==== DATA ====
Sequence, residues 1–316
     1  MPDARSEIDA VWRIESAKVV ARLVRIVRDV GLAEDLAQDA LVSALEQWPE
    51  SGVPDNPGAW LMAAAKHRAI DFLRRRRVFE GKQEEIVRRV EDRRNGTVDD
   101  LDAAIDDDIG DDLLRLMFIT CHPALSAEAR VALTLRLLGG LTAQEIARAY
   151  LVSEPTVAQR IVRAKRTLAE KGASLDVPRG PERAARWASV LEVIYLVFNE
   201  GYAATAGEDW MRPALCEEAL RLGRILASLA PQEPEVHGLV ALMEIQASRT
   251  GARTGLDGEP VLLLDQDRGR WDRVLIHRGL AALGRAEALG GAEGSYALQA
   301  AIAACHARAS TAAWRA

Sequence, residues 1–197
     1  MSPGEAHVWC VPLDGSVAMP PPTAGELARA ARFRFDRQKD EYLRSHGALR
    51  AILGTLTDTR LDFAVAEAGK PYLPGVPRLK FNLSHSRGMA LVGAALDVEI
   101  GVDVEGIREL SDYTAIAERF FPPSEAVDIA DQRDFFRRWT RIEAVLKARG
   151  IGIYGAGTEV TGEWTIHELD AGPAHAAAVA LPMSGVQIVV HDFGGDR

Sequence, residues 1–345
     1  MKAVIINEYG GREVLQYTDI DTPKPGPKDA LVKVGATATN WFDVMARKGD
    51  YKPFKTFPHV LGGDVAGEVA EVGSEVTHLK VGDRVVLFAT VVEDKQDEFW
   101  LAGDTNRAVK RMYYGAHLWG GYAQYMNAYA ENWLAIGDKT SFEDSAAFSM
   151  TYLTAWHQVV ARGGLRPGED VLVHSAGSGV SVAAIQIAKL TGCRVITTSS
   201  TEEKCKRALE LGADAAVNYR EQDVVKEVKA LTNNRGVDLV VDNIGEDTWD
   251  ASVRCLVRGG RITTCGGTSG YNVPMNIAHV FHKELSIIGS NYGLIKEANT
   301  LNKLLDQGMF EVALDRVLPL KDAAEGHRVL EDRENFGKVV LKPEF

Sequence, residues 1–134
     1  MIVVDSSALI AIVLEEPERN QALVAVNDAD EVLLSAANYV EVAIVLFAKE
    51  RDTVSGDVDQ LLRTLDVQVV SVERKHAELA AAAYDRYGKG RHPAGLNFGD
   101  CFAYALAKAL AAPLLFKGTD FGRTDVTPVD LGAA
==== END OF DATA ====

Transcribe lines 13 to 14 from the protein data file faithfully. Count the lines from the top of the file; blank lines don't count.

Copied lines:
   151  IGIYGAGTEV TGEWTIHELD AGPAHAAAVA LPMSGVQIVV HDFGGDR

Sequence, residues 1–345